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Developmental Biology - COVID-19

Women Less Likely to Expose Themselves to COVID

Women's attitudes and behaviors may contribute to their reduced mortality under COVID-19...

A survey in 8 countries shows women consider the Covid-19 virus to be a much more serious problem than men. Thus, their opinion may lead them to be more likely to comply with healthcare policies. Their increased adherence may be one reason women had lower Covid mortality than men, in the early phase of this epidemic.
Policy makers who promote a new normality with reduced mobility, wearing face masks and other behavioral changes, should, therefore, design gender differentiated communication if they want to increase male compliance.

Vincenzo Galasso PhD, Department of Social and Political Sciences, Bocconi University, Milan, Italy; Centre for Economic Policy Research, London, UK; Innocenzo Gasparini Institute for Economic Research, Milan, Italy; Dondena Center, Milan, Italy.

Two of the authors of the research published in PNAS (Proceedings of the National Academy of Sciences) are Vincenzo Galasso and Paola Profeta, COVID Crisis Lab, Bocconi University.

They observed substantial gender differences in attitude and behavior as recorded in two surveys (March, April 2020), with 21,649 respondents from Australia, Austria, France, Germany, Italy, New Zealand, the UK and USA. This international project was conducted by REPEAT (REpresentations, PErceptions and ATtitudes on the COVID-19).
• Women around the world are more inclined than men to consider COVID-19 a very serious health problem (59% against 48.7% in March; 39.6% against 33% in April).

• Women are more inclined to agree with public policies fighting the pandemic: mobility restrictions and social distancing (54.1 against 47.7 (March) and 42.6 against 37.4 (April).

• Women are also more clearly inclined to follow the rules concerning COVID-19 (88.1% against 83.2% in March and 77.6% against 71.8% in April).

The share of individuals complying with the rules drops over time, particularly in Germany, from 85.8% of women and 81.5% of men in March to 70.5% of women and 63.7% of men in April, but the large gender gap persists.
"The biggest difference between men and women relates to behavior that protects others, like coughing in one's elbow, unlike behaviors that protect only one's self."

Paola Profeta PhD, Professor, Economics, Pompeu Fabra University of Barcelona (2000); Visiting Scholar, Columbia University, New York, 1998 and 1999.

Gender differences persisted even after the study controlled a large number of sociodemographic characteristics and psychological factors. However, differences between married couples living together sharing views with each other, and individuals directly exposed to the pandemic, were smaller.

Public health response to COVID-19 requires behavior changes—isolation at home, wearing masks. Its effectiveness depends on generalized compliance. Original data from two waves of a survey conducted in March-April 2020 in eight Organisation for Economic Co-operation and Development countries (n = 21,649) show large gender differences in COVID-19-related beliefs and behaviors. Women are more likely to perceive the pandemic as a very serious health problem and to agree and comply with restraining measures. These differences are only partially mitigated for individuals cohabiting or directly exposed to COVID-19. This behavioral factor contributes to substantial gender differences in mortality and is consistent with women-led countries responding more effectively to the pandemic. It calls for gender-based public health policies and communication.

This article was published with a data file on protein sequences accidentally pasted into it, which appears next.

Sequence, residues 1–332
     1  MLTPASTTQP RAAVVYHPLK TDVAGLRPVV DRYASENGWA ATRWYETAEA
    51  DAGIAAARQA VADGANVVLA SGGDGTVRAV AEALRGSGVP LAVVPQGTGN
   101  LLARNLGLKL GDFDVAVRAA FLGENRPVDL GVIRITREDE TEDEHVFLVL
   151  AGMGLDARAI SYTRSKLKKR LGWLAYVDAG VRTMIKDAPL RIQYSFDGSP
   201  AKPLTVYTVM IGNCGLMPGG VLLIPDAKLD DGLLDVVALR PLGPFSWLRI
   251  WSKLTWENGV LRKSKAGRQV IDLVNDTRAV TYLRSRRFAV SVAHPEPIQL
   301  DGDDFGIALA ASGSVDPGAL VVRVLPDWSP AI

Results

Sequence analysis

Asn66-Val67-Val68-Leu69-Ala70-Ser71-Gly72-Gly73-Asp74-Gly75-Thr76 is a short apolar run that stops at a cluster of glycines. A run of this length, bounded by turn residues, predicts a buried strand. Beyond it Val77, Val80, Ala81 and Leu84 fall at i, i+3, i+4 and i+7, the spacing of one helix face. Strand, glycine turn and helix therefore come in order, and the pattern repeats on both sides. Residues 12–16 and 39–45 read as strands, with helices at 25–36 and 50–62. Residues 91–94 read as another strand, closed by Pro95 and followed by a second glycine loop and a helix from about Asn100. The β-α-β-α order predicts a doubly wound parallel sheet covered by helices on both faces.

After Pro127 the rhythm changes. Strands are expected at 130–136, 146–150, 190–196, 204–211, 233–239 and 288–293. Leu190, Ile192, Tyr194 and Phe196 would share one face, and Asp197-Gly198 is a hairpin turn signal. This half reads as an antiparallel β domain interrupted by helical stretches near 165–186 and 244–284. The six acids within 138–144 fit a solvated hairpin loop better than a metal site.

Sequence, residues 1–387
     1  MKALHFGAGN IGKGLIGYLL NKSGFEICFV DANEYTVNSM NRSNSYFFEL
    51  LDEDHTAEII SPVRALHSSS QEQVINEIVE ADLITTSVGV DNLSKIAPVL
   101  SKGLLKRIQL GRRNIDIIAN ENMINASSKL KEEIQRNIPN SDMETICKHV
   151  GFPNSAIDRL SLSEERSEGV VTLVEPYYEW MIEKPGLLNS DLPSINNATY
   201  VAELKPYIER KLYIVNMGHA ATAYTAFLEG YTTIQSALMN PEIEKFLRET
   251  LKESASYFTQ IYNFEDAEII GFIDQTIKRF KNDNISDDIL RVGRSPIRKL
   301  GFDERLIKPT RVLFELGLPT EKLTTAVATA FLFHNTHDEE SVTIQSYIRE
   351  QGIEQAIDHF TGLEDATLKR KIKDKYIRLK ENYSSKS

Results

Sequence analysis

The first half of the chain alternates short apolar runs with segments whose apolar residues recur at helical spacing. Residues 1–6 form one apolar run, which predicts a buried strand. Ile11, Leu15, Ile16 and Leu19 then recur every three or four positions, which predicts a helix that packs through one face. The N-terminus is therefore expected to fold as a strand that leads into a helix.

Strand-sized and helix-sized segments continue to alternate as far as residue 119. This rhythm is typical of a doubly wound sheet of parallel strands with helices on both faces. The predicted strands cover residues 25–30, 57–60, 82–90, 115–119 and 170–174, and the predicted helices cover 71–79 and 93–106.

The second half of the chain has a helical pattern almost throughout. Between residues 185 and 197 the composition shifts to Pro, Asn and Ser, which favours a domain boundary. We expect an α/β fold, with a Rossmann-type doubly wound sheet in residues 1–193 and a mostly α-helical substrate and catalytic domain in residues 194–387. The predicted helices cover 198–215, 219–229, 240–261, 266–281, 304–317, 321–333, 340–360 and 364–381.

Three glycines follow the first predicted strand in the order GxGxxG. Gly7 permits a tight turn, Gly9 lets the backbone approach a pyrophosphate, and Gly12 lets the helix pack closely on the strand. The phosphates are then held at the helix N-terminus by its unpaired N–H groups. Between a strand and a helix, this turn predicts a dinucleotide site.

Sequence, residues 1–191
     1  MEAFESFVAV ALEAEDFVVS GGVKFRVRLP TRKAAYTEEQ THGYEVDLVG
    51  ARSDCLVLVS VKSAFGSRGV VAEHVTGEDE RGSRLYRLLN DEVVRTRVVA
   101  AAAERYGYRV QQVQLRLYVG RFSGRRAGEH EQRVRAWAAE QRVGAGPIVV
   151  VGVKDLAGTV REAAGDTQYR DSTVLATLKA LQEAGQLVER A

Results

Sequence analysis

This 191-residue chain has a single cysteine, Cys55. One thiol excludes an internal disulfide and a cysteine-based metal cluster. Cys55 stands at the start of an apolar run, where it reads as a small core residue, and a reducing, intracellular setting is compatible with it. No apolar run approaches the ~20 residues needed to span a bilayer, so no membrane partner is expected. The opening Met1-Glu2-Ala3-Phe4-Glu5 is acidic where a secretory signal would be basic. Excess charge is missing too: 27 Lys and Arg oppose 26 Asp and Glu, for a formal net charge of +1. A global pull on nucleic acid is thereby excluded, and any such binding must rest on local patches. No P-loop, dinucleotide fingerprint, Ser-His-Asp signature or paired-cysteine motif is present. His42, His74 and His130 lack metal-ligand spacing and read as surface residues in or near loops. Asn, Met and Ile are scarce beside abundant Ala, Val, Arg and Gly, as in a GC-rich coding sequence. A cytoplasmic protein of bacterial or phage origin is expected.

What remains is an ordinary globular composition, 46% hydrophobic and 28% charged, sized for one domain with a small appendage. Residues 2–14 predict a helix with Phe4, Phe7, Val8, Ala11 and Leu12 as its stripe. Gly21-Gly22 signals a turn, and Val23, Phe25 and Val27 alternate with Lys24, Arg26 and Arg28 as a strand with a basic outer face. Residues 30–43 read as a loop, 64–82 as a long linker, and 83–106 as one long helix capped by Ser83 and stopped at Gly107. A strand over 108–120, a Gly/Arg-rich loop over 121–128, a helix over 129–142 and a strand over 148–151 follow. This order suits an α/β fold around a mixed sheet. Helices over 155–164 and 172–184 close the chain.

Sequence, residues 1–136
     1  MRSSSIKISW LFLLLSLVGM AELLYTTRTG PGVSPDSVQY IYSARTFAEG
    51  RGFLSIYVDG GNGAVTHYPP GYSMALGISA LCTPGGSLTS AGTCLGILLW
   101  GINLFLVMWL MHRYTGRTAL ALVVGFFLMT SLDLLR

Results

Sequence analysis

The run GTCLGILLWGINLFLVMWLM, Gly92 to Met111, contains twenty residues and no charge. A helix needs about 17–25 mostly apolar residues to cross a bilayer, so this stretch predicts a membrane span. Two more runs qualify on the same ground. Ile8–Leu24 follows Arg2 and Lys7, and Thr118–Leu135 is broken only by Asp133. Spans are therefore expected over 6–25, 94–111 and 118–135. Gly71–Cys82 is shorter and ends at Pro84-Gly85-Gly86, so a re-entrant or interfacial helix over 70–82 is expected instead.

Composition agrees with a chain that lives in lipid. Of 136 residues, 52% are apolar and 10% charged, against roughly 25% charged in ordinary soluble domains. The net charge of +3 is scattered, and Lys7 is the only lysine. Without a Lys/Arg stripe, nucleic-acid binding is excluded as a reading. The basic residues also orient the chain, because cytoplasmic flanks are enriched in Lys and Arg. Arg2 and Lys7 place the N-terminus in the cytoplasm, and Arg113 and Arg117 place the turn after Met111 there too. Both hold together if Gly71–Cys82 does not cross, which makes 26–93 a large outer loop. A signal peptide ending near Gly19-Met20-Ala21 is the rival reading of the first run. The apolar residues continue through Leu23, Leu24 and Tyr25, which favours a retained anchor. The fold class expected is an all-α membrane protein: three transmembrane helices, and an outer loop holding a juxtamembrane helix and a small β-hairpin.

The initial public health response to the breakout of COVID-19 required fundamental changes in individual behavior, such as isolation at home or wearing masks. The effectiveness of these policies hinges on generalized public obedience. Yet, people’s level of compliance may depend on their beliefs regarding the pandemic. We use original data from two waves of a survey conducted in March and April 2020 in eight Organisation for Economic Co-operation and Development countries (n = 21,649) to study gender differences in COVID-19-related beliefs and behaviors. We show that women are more likely to perceive COVID-19 as a very serious health problem, to agree with restraining public policy measures, and to comply with them. Gender differences in attitudes and behavior are sizable in all countries. They are accounted for neither by sociodemographic and employment characteristics nor by psychological and behavioral factors. They are only partially mitigated for individuals who cohabit or have direct exposure to the virus. We show that our results are not due to differential social desirability bias. This evidence has important implications for public health policies and communication on COVID-19, which may need to be gender based, and it unveils a domain of gender differences: behavioral changes in response to a new risk.

Vincenzo Galasso, Vincent Pons, Paola Profeta, Michael Becher, Sylvain Brouard and Martial Foucault

The authors declare no competing interest. This article is a PNAS Direct Submission.

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Oct 23 2020   Fetal Timeline   Maternal Timeline   News

Women consider the Corona virus to be a much more serious problem than men. CREDIT AFP Health.

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